Brazil and its almost 200 million population is no longer a country of white majority. The credit now belongs to the 49.6% black or mulatto population compared to the 49.4% defined as white and this is set to increase in coming years with that percentage increasing to 54, according to a recent report from the Rio do Janeiro Federal University.
Professor Antonio Paixao from the Rio University’s Economy Institute believes that since Brazil is no longer a white majority country, “we need a policy of diversity”, which is a great challenge for the political establishment.
The black birth rate is also higher than that of the whites or Europeans descendents, so the big question is whether Brazil is prepared to face the fact that blacks and mulattos are becoming a solid majority, and how this will influence legislation, asks Paixao.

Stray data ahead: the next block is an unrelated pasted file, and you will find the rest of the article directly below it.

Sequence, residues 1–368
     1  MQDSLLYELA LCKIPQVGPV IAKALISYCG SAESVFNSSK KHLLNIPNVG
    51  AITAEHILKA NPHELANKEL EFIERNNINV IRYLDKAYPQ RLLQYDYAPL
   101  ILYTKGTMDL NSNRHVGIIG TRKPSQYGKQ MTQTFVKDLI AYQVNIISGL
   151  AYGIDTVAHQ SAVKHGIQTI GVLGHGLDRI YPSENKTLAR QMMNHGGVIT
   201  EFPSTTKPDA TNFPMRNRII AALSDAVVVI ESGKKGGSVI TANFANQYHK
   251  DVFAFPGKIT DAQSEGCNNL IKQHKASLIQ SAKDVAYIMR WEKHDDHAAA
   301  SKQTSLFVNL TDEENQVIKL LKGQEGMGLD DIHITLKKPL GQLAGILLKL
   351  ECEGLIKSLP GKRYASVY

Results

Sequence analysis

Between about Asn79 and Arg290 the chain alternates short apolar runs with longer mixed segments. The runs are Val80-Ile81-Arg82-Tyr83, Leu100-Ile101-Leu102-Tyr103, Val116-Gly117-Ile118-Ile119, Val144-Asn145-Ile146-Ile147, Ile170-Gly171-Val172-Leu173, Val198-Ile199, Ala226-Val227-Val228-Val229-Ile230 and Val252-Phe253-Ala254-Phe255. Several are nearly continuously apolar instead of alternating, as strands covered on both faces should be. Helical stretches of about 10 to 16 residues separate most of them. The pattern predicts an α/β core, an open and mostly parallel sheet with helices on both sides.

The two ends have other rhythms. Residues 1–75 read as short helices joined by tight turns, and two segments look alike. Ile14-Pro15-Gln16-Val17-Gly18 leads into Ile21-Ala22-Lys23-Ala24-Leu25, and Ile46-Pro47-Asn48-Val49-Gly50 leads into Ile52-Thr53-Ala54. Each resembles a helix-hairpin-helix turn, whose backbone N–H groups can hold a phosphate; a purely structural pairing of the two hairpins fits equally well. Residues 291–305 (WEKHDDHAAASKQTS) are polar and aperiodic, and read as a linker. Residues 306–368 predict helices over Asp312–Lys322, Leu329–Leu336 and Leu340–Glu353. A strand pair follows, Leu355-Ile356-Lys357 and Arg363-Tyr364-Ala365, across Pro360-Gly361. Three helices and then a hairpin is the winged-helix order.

But current reality shows another picture, with a considerable degree of discrimination for the blacks: the basic food basket for a black person demands 76 hours of work compared to the average 54 hours for a white person.
Similarly illiteracy among blacks runs as high as 20%, but only 6% for whites.
Since Brazil was the last country in the region to grant slaves freedom in 1888, blacks have always been at a disadvantage in education and work opportunities, points out Paixao.
Similarly, access to tertiary education for blacks is far more up road, since most of them are condemned to work to subsist, while white families can afford to pay for their children’s education.
The administration of President Lula da Silva is credited with having invested heavily in the social and economic integration of the black people, for example by imposing a policy of quotas for blacks in universities.
Nevertheless power in Brazil rests in the whites who hold the strategic posts in politics and the economy.
But some blacks have had outstanding careers, mainly in sports and the arts. One of them is the world famous former football star Pelé and another the musician-composer Gilberto Gil. Both have held cabinet posts, but as a white initiative towards supporting diversity.